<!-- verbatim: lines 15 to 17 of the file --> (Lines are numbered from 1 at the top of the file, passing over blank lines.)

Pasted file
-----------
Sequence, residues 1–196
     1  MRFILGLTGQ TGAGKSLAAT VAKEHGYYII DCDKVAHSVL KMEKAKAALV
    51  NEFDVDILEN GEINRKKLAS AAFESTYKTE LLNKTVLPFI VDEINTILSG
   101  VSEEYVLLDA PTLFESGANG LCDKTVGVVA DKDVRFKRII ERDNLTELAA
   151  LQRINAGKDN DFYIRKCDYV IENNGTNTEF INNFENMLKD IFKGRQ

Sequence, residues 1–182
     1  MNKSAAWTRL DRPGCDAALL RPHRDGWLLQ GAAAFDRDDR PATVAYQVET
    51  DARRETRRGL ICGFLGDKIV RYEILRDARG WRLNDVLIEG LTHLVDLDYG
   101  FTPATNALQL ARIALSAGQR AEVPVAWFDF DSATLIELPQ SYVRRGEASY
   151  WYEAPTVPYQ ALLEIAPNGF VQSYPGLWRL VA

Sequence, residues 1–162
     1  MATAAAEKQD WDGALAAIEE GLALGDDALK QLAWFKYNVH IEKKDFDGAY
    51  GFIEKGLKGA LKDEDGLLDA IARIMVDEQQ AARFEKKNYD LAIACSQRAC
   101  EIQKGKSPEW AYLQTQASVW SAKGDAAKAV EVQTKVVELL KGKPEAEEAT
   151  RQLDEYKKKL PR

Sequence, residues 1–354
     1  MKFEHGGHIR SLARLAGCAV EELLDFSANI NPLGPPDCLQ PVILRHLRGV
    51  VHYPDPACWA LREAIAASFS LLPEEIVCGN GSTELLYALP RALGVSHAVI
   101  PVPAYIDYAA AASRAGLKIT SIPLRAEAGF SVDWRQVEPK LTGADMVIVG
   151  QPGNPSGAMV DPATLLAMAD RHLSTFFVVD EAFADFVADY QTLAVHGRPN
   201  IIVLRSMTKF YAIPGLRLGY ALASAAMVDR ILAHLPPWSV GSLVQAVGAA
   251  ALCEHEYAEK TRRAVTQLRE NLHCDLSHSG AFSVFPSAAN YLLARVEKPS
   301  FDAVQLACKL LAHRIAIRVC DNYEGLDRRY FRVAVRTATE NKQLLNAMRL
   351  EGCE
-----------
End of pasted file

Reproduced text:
   151  RQLDEYKKKL PR

Sequence, residues 1–354
     1  MKFEHGGHIR SLARLAGCAV EELLDFSANI NPLGPPDCLQ PVILRHLRGV